The old building and the sunshine

The old building and the sunshine

You are standing before a magnificent landmark, holding up your camera to shoot. The many (other) tourists around you are constantly stepping into the frame. On the display you can see that the building’s lines are “falling” backwards, and overall it just does not meet the expectations you had from the beautiful promotional photos. If the lines above sound familiar to you, don’t despair. We’ve prepared some tips for you on how to handle tourist-site photography.

Historical buildings, ancient spaces, and famous statues and structures have one major disadvantage for photographers. It’s likely that many other people have photographed them before you, and so you will have trouble finding an original take on them. And buildings tend to be large, and the crowds of tourists do nothing to make your work easier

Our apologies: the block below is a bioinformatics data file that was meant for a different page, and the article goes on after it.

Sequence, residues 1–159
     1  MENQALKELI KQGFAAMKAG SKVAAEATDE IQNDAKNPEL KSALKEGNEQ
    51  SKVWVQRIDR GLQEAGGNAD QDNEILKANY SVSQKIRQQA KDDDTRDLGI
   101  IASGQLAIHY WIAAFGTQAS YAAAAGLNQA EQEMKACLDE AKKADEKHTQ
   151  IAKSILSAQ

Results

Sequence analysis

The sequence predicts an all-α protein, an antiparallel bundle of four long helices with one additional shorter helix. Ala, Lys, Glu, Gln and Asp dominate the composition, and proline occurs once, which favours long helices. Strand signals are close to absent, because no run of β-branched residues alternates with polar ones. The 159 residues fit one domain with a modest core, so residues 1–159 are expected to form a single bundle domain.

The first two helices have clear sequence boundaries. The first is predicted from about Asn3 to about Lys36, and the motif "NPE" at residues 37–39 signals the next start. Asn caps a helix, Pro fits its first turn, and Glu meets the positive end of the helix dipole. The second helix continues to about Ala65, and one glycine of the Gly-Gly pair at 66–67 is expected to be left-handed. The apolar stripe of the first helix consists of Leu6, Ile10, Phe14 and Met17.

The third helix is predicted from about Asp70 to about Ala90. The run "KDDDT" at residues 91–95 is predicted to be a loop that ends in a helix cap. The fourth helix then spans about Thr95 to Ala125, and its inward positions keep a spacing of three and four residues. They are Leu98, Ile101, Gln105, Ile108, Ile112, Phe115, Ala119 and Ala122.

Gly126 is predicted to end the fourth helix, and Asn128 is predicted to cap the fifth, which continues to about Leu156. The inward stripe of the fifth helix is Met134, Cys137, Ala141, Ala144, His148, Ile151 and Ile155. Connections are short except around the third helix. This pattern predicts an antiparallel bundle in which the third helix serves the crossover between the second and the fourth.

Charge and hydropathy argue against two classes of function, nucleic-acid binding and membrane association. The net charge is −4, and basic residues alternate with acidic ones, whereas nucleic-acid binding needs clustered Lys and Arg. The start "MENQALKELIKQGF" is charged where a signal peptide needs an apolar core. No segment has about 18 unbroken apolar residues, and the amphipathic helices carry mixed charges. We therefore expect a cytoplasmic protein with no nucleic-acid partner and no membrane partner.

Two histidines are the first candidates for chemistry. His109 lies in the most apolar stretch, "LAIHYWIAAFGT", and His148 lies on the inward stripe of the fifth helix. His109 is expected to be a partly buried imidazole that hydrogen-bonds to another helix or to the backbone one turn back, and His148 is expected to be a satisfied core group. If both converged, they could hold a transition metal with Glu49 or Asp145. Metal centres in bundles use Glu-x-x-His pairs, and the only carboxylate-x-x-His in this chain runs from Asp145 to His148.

Equip Yourself Well

You’ll welcome a wide-angle lens when you are trying to capture a building or monument in all its immensity. But telephoto lenses, too, are nothing to sneeze at; they can be useful for catching certain interesting details.

On bright sunny days, pack a polarizing filter in your bag. It can reduce reflections, which can be annoying e.g. on buildings’ windows, and it can also give you more saturated colors and a highlighted sky. Just be sure to take it into account in your photos, and it will surely serve you well.

In bad light conditions, don’t forget to take a tripod with you. These can also come in handy for preparing panoramic pictures and, last but not least, for pictures with a smaller aperture, to get clearer architectural details.

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